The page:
Goodbye Illinois, Hello Paradise

by Jim Farrar (1986)

Like all tales, this one starts, oddly enough, at the beginning. It does not end, however, quite so easily. This is the story of how my family came to be, and how they ended up on a patch of land that was relentlessly cruel to the people who tried to settle it. What seems strange to me is the fact that my family had neighbors, people who chose, for one reason or another, to share the same misery.

Look at this story, then, as a piece of stone in a human mosaic, as a package that can't be tied off at any one end, and I think you'll begin to get the picture. Simple things happen that turn out to be anything but. For example. . .

Though he'd been born and raised there, my father was never suited for a life in the country. He was happier in the city and, later, he'd take advantage of every opportunity to prove it. This was not without precedent.

Before we sold it, the ranch had been in our family for over a hundred years, having been homesteaded by my great grandfather, a gregarious man of Irish descent with a roving eye, a passion for whiskey and a fondness for politics. The story goes – embellished by the passage of time, no doubt – that Old Wiley, as he was called, became disenchanted with his life as a vendor in Illinois and decided to head West to find his fortune and determine his destiny. It never occurred to him that fortune and destiny do not always go hand in hand.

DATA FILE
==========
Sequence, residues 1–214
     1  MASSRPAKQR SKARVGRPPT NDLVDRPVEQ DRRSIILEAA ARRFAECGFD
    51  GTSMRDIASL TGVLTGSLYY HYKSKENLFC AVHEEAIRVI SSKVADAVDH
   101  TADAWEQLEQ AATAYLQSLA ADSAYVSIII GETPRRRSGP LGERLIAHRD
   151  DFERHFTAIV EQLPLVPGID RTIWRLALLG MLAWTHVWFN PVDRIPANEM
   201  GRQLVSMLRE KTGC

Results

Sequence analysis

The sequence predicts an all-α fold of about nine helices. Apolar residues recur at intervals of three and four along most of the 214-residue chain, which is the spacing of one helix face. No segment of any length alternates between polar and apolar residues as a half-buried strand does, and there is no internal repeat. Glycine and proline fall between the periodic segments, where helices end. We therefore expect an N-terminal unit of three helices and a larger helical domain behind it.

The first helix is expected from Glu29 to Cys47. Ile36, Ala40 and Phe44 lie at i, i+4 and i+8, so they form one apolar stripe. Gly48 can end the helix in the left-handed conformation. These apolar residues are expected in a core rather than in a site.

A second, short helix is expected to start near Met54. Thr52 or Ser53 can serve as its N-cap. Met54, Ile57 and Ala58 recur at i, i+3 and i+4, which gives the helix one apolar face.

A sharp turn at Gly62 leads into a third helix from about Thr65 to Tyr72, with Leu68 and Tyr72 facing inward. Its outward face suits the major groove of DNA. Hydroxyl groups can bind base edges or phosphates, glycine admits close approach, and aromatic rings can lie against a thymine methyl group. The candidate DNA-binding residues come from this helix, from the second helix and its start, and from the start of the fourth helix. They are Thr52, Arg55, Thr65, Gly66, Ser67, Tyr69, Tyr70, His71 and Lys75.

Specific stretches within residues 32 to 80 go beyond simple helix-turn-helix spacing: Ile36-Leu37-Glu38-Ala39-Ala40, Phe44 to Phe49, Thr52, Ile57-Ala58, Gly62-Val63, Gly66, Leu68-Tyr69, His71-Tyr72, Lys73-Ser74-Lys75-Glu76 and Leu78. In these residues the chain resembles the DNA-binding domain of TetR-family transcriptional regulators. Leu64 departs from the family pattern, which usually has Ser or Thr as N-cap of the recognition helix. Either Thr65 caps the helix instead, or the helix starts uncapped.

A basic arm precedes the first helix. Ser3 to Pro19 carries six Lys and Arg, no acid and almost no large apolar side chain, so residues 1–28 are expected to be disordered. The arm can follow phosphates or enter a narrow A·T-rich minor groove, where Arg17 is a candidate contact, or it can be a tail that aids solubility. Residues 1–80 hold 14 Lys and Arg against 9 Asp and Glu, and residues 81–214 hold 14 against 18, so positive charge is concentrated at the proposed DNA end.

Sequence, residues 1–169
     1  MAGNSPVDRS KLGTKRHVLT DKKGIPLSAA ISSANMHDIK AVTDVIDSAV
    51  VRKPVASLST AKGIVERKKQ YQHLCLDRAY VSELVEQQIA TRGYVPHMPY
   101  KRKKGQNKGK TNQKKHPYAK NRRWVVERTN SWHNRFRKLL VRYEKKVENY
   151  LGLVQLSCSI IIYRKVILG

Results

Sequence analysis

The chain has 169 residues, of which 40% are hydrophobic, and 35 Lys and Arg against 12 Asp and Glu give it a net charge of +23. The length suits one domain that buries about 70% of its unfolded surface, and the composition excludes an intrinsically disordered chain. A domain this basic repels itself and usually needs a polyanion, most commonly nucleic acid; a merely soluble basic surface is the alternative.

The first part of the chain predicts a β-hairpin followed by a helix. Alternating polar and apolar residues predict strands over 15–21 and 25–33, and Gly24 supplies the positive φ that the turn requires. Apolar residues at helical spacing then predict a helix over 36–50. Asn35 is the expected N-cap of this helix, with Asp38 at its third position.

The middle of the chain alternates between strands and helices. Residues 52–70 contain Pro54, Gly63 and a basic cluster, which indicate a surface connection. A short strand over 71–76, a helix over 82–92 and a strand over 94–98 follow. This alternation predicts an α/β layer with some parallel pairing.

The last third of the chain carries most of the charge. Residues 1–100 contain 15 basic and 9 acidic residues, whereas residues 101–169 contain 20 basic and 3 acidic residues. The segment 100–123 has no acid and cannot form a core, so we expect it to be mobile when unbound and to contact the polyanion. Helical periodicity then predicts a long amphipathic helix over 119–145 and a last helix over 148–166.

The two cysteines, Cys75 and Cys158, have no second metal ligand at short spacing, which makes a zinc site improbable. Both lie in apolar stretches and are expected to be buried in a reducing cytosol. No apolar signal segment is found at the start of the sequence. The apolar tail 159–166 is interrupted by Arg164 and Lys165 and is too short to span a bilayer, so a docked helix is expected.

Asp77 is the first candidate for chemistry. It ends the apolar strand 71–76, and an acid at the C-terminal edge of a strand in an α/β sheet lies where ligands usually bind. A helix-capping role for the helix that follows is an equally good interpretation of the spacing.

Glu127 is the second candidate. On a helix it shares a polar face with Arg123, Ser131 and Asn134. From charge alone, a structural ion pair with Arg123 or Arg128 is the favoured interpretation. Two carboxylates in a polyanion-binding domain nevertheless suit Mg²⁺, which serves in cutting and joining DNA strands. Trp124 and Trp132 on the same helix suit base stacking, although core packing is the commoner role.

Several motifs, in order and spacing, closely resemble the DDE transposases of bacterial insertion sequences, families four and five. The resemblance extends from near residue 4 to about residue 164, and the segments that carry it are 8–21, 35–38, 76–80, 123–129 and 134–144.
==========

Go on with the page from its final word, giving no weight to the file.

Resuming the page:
He married my great grandmother, a shy, unassertive girl of sixteen named Amanda and the daughter of a family friend, bought a wagon, borrowed money from whoever would lend it to him (they must have thought he was planning to open another dry-goods store, though I don't think any of them knew how far he was actually planning to go, including himself) and literally rolled off into the sunset.

Big ideas and good intentions that constantly fall short are evidently something that my father inherited from his grandfather, like a congenital curse.

When he left Illinois, Old Wiley had originally planned on settling in Oregon; instead he landed in Idaho, on the edge of Dry Creek, a twisting ditch that starts in the nearby Sawtooths and goes downhill to nowhere.